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Pick up a newspaper

Even though I’m from the Class of 2020, I’m going to propose something to you that’s so old-fashioned and outlandish that you might mistake me for a member of the Class of 1920. You should read a physical newspaper. 

I have no special vendetta against trees and I have, in fact, heard of this new fad that they call the World Wide Web. Instead, I believe print news offers three distinct advantages: it is better for accountability, it is immune to some troubling new advancements in information warfare and it even helps make you smarter. 

First, accountability. Did a politician really use that dreadful slur? Did a media outlet actually make a slanderous accusation? While it’s possible to update a website or delete a tweet before screenshots can record it, good luck trying to round up all the printed evidence. 

Second, print newspapers can never microtarget content with the same precision of online algorithms. Your virtual news feed can be curated to exactly match your views, leading to each person consuming content in their own highly personalized echo chamber. Yes, I’m aware that print newspapers can still attract distinct populations and write with bias. Try reading about the same topic in both the Irish Rover and the Observer! But a print newspaper can’t disseminate disinformation with the same surgical intentionality of a Russian-made fake video of the Ukrainian president surrendering, distributed to only the people most likely to be convinced by it and nobody else. Yes, that really happened.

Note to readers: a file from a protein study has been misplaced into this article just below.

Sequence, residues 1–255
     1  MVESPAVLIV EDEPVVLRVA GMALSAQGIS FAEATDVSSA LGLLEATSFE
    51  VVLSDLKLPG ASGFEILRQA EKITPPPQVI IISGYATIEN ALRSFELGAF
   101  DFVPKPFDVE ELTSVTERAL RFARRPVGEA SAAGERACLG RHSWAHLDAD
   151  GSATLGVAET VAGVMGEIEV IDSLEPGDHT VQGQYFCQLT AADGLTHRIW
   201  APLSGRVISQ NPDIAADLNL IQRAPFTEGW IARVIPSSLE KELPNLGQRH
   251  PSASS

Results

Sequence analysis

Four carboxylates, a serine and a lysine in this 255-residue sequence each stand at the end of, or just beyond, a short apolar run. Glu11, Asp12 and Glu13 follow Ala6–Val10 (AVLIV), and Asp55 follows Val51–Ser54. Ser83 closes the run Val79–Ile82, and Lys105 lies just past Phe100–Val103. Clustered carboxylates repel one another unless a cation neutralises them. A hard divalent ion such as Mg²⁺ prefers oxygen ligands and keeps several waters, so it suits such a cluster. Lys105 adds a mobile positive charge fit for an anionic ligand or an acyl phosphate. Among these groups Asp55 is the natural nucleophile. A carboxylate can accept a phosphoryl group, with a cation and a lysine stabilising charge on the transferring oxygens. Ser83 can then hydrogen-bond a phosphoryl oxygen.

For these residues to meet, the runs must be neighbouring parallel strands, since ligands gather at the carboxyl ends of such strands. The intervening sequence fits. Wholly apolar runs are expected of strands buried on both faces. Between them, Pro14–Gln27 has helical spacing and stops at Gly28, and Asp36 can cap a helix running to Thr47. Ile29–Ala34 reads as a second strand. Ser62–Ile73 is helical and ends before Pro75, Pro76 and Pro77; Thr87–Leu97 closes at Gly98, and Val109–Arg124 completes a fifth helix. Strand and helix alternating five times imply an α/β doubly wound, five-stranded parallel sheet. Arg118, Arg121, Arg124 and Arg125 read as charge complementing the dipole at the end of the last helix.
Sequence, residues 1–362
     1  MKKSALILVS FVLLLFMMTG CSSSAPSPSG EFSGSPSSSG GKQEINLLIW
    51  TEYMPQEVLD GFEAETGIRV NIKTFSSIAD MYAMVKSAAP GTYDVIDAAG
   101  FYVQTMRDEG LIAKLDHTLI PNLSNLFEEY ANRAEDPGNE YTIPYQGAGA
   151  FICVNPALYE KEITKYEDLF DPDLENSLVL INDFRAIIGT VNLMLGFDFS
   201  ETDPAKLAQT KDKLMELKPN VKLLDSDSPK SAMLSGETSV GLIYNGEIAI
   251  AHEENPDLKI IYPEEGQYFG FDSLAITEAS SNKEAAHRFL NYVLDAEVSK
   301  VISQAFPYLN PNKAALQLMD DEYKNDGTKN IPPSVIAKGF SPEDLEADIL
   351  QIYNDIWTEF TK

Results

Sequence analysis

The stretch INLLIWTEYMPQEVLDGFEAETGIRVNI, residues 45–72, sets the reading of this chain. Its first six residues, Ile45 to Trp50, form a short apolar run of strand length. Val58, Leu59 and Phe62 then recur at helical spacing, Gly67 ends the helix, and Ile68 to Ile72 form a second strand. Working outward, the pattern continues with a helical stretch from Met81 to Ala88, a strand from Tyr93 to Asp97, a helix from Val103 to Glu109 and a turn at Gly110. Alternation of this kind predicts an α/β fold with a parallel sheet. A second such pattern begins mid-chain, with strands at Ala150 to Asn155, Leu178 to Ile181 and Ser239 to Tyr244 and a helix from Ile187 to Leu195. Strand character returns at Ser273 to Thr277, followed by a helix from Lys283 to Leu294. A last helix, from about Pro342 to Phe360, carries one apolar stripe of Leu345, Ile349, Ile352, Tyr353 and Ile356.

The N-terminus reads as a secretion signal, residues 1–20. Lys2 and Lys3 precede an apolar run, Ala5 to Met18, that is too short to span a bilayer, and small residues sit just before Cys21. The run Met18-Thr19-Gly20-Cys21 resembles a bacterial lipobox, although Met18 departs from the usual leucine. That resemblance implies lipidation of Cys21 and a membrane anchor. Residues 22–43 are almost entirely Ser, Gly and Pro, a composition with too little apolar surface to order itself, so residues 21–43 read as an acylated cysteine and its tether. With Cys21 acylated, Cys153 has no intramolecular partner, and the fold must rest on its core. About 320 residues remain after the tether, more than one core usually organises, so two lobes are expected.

Lastly, dealing in paper and ink actually makes you smarter. A 2018 study published in the Educational Research Review found that “paper-based reading yields better comprehension outcomes than digital-based reading.” Your brain can better recall what it read by remembering tactile cues (the feel and weight and even smell of the pages flipped) and where on a printed page it saw something. In contrast, virtual reading has fewer cues and more distractions like app notifications or pop-up ads.

Should you never scroll through the Observer’s website ever again? Of course not. But the next time you head to the dining hall, consider grabbing a print copy instead. If nothing else, you’ll find the results to be much less catastrophic when you spill your cereal on that old-fashioned version. 

Andrew C. Jarocki

Class of 2020

Sept. 7

This letter to the editor is the views of the author and not necessarily of The Observer.